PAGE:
The 6,000-plus criminal defendants awaiting court-appointed attorneys in the Acadiana region will grow to twice that number or even more by 2017 if the Legislature doesn’t properly fund lawyers for the poor accused of crimes in Lafayette, Acadia and Vermilion parishes, court officials said Tuesday.
“We all hope and pray for our Legislature to address the problem,” Judge Marilyn Castle said.
Castle was one of six legal panelists who spent hours trying to convey to the public how deep the problem is and how deeply the three-parish 15th Judicial District might feel the consequences if funding remains inadequate. The discussion was held at the Lafayette Parish Public Safety Complex on West Willow Street.
Funding for local defender boards comes from Louisiana’s general fund, as well as from the fines and court costs levied by local courts on lawbreakers. Fines and courts costs, however, have been trending downward and bringing in fewer dollars to local districts.
And if legislators don’t pencil in more money for next year, it’s going to get worse: According to the state’s proposed budget for 2016-17, which would go into effect July 1, Louisiana would fund $12.8 million to pay for attorneys for the poor. That compares with $33 million in funding this year.
Louisiana’s budget crisis started to be felt late last year and into 2016 in local defender offices across the state, including the Lafayette-based 15th District office headed by attorney G. Paul Marx.
The crisis locally was exacerbated in February after Marx was unable to persuade the Louisiana Public Defender Board, a statewide body created in 2007, to prioritize state money so more funds would go to local districts, including the 15th District.
After Marx’s meeting with the state board in Baton Rouge, some 30 criminal defense attorneys who contracted with the local board had their contracts canceled. And many attorneys who work directly for the 15th Judicial Public Defenders Office resigned in order to spare others a pink slip.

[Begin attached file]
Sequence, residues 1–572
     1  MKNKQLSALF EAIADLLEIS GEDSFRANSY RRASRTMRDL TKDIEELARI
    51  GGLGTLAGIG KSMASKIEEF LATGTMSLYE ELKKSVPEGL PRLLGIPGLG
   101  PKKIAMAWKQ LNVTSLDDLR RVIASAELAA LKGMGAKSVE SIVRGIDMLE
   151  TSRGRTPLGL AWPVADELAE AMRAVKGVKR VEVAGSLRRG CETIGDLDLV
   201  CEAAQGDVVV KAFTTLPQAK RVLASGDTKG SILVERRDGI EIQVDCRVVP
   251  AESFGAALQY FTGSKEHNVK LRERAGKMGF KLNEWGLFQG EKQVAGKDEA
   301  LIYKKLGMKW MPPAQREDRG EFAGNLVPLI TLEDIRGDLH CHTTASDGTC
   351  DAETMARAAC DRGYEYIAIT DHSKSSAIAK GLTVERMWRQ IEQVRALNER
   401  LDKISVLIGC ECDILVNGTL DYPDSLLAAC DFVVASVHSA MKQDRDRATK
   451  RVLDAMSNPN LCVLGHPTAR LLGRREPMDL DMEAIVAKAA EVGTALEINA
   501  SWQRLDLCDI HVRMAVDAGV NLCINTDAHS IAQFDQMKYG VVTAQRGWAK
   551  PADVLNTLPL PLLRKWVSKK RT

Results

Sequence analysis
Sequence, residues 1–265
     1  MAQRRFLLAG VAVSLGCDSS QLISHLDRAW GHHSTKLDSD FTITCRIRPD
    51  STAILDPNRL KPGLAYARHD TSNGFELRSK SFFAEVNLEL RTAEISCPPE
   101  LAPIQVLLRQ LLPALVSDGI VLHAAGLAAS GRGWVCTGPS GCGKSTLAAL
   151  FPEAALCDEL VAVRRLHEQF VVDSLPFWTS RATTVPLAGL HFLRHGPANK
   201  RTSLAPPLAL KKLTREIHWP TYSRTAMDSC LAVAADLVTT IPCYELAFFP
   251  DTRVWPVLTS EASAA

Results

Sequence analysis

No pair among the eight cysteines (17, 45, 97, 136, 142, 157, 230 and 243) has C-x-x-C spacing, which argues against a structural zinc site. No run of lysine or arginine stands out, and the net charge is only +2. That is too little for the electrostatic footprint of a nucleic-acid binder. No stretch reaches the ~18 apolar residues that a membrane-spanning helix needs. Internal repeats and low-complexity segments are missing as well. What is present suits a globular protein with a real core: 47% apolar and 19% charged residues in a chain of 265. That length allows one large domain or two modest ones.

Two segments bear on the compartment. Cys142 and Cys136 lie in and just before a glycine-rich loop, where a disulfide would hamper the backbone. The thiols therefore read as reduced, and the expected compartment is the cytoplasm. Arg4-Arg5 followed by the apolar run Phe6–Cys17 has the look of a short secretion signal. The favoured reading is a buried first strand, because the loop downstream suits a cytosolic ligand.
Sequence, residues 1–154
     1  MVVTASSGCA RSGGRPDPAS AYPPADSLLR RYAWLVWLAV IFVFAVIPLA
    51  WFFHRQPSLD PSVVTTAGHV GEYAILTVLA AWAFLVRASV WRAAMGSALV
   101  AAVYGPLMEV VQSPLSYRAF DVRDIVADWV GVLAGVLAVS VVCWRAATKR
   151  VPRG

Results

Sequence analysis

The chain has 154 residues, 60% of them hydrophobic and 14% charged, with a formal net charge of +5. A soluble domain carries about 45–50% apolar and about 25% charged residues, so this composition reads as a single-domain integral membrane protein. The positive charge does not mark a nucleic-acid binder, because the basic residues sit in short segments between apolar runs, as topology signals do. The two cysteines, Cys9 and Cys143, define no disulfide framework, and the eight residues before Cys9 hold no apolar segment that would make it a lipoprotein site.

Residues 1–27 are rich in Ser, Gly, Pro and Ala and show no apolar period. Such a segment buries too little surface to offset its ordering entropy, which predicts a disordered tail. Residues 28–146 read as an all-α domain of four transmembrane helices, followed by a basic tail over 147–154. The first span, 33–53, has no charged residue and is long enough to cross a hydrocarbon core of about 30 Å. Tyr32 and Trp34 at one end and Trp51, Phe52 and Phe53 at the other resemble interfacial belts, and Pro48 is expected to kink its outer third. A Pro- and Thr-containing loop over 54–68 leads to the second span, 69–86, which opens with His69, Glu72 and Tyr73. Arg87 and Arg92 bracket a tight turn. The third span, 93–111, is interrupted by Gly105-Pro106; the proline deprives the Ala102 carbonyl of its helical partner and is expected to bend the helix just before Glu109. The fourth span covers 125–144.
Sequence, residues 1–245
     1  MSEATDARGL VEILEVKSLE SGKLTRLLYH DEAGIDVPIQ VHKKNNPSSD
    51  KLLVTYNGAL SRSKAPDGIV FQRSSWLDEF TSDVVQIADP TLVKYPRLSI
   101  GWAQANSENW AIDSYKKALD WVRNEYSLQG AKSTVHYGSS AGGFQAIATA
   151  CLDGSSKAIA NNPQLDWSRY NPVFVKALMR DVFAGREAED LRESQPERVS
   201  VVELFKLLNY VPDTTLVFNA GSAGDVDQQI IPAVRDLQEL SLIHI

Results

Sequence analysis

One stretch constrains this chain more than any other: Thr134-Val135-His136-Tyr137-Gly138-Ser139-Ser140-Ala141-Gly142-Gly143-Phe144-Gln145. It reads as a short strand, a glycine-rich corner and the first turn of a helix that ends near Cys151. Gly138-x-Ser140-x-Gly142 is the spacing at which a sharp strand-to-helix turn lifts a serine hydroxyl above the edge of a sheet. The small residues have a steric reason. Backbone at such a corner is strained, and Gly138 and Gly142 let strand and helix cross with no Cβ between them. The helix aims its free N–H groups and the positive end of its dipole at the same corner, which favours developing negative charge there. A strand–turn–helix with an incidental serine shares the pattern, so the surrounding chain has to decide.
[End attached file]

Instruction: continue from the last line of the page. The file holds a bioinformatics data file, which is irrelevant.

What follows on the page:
Since then, court officials have had to prioritize where public defenders were deployed, with those accused of crimes and in jail receiving the highest priority. But once they’re out of jail, they join the thousands of others in legal limbo who are waiting for their trial process to begin.
“It’s really an intolerable situation … an unprecedented wrong,” Marx said.
District Attorney Keith Stutes said the cutbacks in court-appointed attorneys isn’t doing prosecutors any good because defendants have constitutional rights to legal counsel and to speedy trials. At some point, defendants — some of them dangerous — could be set free if the courts take too long.
Stutes also placed some of the blame for the local funding crisis on the state defender board.
He said the state board focuses too much of its efforts on a few death penalty cases. Stutes said the state board spends a large portion of its discretionary funds fighting the 35 to 50 death penalty cases in Louisiana at any one time, shrinking the pool of money available to represent 240,000 other poor people charged with lesser crimes.
“If this is not corrected, we will continue to be in crisis,” Stutes said.
Louisiana Public Defender Board Executive Director Jay Dixon did not respond to a telephone message left with his office Tuesday afternoon seeking comment.
Caitlyn Graham, one of Marx’s attorneys, said the loss of most of the local defenders has increased her case load from just under 200 clients to about 300 now. She said there’s no way she can provide a thorough defense with that big a load.
“It is an untenable and unethical situation to be in,” she said. “This is clearly antithetical to what the Constitution guarantees.”